The President signed into law the historic Coronavirus Aid, Relief, and Economic Security Act (“CARES Act” or “Act”) on March 27, 2020. This $2.2 trillion stimulus package is designed to mitigate the widespread economic impact of the novel coronavirus. The Act includes certain provisions that temporarily modifies chapter 7 section of the U.S. Bankruptcy Code.
Some Federal Payments Are Excluded from Definition of “Income”
The CARES Act modifies the definition of “current monthly income” as it applies to chapter 7 bankruptcy. The Act expressly excludes payments under federal law relating to the national emergency declared by the President under the National Emergencies Act with respect to COVID-19. The Act also states that any type of payments received under federal law relating to the coronavirus pandemic does not qualify as “disposable income.”
In other words, receiving the stimulus check, or any other coronavirus related payments, within 6-months of filing a Chapter 7 Bankruptcy will therefore not disqualify a debtor from filing a bankruptcy under Chapter 7.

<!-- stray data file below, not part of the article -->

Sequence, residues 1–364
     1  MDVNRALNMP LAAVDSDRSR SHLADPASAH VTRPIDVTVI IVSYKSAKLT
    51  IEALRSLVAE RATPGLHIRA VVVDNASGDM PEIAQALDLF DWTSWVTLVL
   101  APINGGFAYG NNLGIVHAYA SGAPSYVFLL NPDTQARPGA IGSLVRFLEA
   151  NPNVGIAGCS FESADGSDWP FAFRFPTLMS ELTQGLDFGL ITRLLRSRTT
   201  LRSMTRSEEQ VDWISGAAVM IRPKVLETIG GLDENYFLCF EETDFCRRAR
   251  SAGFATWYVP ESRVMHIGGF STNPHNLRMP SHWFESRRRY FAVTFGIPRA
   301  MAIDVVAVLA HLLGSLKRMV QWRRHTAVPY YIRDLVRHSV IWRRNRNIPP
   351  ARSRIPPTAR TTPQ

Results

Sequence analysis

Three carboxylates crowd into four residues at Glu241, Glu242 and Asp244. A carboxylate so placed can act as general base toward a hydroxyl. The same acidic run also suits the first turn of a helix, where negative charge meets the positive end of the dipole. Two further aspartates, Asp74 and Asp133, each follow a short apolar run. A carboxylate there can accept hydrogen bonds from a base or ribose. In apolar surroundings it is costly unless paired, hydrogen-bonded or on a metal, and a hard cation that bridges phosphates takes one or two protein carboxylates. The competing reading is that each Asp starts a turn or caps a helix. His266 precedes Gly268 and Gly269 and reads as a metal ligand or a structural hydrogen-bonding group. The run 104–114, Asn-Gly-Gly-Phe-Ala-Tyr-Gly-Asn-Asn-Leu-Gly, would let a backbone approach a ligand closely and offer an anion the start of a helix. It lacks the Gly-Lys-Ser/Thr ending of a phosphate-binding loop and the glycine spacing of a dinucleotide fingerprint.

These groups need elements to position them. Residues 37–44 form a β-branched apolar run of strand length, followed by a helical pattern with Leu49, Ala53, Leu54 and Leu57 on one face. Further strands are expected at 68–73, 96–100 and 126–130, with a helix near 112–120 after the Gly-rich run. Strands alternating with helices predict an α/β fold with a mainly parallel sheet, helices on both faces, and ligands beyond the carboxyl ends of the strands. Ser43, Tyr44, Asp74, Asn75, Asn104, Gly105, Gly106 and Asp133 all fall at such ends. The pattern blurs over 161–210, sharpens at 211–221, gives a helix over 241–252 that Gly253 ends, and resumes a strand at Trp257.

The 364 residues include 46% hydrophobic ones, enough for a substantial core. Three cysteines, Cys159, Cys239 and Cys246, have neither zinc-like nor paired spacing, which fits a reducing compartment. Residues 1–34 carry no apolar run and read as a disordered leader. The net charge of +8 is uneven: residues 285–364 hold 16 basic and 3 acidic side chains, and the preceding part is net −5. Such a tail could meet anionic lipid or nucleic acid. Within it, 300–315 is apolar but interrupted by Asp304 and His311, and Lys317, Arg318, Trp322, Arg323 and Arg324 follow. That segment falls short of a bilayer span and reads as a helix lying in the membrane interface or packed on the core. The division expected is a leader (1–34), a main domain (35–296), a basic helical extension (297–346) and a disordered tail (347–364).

All of these changes are applicable in pending Chapter 7 cases and will be applicable for one year after the CARES Act becomes effective.
You Need Legal Representation
We are facing uncharted times, especially when it comes to all the new laws that are continuously being passed by lawmakers that will no doubt impact those have already filed bankruptcy and those who were in the process of filing.
If you have questions and or concerns about how the CARES Act will impact your particular financial situation, it is important that you immediately consult with an experienced Central Valley bankruptcy attorney about the options that will be available for your specific situation. It is important that you create a solution that will address your unique problems, as each person will have different concerns and needs.
Call an Experienced Central Valley Bankruptcy Attorney
If you are planning to file or in the midst of a bankruptcy proceeding, it is in your best interest to consult with an experienced bankruptcy attorney to help you learn your legal rights and options, especially with respect to the CARES Act.